“Phase One” of Dzhokhar Tsarnaev, 21, hereinafter, the “Defendant” ‘s jury trial for, among other things, multiple murder continues in Boston’s Federal District Court. The Defendant is accused of carrying out bombings with his now-deceased brother near the finish line of the race on April 15, 2013. Three people were killed in the bombing. More than 260 others were injured. Also, the Defendant stands charged with the killing of an MIT police officer days after the bombings. His brother died in connection with that killing.
Our representatives desire to have the Defendant join with his brother. While some might have expected the matter to be tried in state court, it is being brought to trial in federal court.
The reason is fairly simple. Massachusetts’ state criminal justice system does not have a death penalty. The federal criminal justice system does.
Since the government has announced that it is seeking the death penalty should the Defendant be convicted, the Defendant’s lawyers and federal prosecutors spend days reviewing more than 37,800 pages of juror questionnaires before individual questioning begins on January 15th. Twelve jurors and six alternates will be chosen over three weeks. Then, it is expected that “Phase One” starts with a flourish. The judge told prospective jurors that he expects the trial to begin with opening statements on January 26th.
Attorney Sam’s Take On The Jury Selection Procedure
The procedure of jury selection differs between jurisdictions and types of crimes. However, while some of the specifics differ, the basic process and importance remains the same.
After all, it is the jury which will decide the facts in the case in a jury trial. In a criminal case, the jury must be unanimous in order to reach a verdict. Otherwise, there is a “hung jury”. The unfortunate name merely means that the jurors were unable to unanimously agree whether a defendant has been proven to be guilty beyond a reasonable doubt.
In the case of a hung jury, the parties will have to decide whether they can come to an agreed upon result or else the case goes to trial again.
Basically, the same status quo as before the trial.
“What is the general procedure? Why is it going to take so long? The jury selection in my state case took less than an hour!”
Yes, but this case is different in many respects.
Jury selection in Massachusetts state courts is a fairly quack, particularly in district court cases which are non-sex-oriented. Presently, the judge asks the jury panel some general questions, as well as, perhaps, some questions the attorneys submit to the court, and then the attorneys pick the jury. Each side gets a small number of “pre-emptory challenges”. Such challenges mean simply that the party does not want a particular prospective juror without having to say why.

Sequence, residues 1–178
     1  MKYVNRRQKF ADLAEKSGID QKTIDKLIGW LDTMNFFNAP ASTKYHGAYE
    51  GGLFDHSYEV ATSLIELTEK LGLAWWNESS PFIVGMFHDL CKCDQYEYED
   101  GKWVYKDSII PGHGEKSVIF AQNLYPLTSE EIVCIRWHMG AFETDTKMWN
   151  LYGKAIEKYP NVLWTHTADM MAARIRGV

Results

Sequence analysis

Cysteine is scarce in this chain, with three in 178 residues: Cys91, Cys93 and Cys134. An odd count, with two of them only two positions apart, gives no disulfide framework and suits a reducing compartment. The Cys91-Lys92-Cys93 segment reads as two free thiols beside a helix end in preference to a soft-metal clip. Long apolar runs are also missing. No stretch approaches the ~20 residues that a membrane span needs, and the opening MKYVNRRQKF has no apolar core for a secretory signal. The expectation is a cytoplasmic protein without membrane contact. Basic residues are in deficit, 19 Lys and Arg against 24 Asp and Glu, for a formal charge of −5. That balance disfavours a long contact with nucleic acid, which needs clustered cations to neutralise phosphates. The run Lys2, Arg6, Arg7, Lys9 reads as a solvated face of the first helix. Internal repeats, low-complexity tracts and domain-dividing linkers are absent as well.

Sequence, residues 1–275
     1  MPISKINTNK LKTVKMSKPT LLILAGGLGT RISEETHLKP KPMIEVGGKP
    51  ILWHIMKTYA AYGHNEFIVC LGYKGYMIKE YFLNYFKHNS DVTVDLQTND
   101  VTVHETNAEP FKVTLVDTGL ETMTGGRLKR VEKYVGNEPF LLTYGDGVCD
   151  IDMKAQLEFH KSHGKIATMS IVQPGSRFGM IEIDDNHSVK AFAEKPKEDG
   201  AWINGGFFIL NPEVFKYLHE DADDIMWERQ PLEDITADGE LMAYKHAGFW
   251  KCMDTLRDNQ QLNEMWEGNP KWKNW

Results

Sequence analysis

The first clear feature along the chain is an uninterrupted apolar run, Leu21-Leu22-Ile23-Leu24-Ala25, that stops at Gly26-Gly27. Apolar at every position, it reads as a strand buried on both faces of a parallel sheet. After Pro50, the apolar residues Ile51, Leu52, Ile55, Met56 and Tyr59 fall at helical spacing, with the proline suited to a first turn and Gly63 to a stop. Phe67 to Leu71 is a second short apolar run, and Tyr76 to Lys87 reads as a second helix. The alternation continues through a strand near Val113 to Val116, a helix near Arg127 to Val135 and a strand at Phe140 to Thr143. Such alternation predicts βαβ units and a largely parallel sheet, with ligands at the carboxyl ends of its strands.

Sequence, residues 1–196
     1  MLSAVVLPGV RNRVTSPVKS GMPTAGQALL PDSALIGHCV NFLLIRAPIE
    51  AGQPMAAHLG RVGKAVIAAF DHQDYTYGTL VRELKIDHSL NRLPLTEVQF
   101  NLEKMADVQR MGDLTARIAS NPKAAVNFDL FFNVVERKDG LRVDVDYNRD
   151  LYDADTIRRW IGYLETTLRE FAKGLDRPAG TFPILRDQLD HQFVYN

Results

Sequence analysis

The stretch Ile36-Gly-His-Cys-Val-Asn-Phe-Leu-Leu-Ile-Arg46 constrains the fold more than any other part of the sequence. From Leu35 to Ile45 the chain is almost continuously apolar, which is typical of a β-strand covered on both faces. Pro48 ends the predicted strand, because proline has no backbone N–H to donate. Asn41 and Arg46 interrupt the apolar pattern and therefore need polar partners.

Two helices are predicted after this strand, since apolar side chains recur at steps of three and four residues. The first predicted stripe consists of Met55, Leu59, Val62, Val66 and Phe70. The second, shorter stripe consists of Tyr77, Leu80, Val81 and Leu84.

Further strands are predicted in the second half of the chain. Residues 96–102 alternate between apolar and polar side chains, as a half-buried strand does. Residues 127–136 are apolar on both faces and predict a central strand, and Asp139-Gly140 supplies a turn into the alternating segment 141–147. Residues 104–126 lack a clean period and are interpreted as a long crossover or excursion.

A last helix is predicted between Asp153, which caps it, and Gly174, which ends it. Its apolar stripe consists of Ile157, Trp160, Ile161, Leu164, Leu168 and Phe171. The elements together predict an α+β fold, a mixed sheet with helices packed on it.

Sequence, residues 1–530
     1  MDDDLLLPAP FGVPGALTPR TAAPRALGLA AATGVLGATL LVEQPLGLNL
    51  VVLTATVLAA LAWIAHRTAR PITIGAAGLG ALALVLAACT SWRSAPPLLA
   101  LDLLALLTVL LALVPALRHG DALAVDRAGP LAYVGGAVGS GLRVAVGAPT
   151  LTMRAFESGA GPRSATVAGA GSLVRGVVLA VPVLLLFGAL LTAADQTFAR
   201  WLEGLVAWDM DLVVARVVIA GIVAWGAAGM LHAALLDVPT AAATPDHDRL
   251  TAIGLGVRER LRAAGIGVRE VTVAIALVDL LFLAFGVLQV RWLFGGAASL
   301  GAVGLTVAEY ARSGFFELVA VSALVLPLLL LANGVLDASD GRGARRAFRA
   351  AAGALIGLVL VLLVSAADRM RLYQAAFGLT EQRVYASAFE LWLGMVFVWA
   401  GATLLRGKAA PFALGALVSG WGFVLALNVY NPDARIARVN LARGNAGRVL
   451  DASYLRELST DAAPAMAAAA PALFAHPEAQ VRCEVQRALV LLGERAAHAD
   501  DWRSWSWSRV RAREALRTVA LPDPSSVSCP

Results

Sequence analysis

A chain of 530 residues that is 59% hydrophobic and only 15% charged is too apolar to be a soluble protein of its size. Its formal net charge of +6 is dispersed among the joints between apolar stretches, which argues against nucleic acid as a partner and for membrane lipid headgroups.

There are generally very few of these per party.
Challenges to jurors can also be done for “cause”. These types of charges, which are unlimited, basically submit to the court that there is no question but that the potential juror cannot be fair and impartial.
These have to be argued and are usually hard to get.
Since there are so few potential challenges, the process goes pretty fast. It is a process of elimination…not, as many assume a process of picking your favorite potential jurors.
In more serious cases, each side gets more pre-emptories. In federal court, the number of pre-emptories differs from the number in state court.
Next, you have the jurors who either cannot or do not want to serve for the trial. When it comes time for the judge if there is any “other” reason they cannot serve, there is often a long line of potential jurors ready to come up and plead their case as to why they should not serve.
Again, the longer the line, the longer the time.
In the Defendant’s case, it is a high profile and very emotional case. Regardless of how many pre-emptor challenges there are, you may be sure that there will be many challenges for cause and, particularly given the amount of time involved, many jurors looking for the proverbial exit.
The selection will be further complicated because the jury may be called upon to serve during “Phase Two”, the penalty phase.
That will be the phase in which, if there is a conviction, whether the penalty should be prison or death.
There are a number of potential jurors who will clearly have to be excluded from serving. First, as Professor Ira Robbins of American University’s College of Law points out, are those who are categorically opposed to the death penalty. These folks would not be able to fairly serve in “Phase Two” and, if it would influence their decision regarding guilt, “Phase One”. One would imagine that any potential jurors who lost loved ones or saw loved ones injured at the bombing would be excused. Further, because the court has refused to move the case, there may be many folks who were actually present during ether the bombing or the aftermath.
Potential witnesses really cannot be considered fair and impartial jurors.
One final complication. An issue for appeal in the case already exists as to whether the Defendant can receive a fair and impartial trial in Boston. The court will likely be very sensitive to this issue during jury selection. After all, if there is a conviction, which many expect, whether the jury was truly impartial could be an issue which overturns such a conviction.
Then we may get to go through this whole thing again!
As mentioned in my last blog. Kinda makes you wonder if it wouldn’t have been worth moving the trial if not simply to avoid that issue…!
But, then, I am sure that those dressed in black robes are much more knowledgeable and intelligent than I.
To review the story upon which this blog is based, please go to http://abcnews.go.com/US/wireStory/things-jury-selection-tsarnaev-trial-28062420 and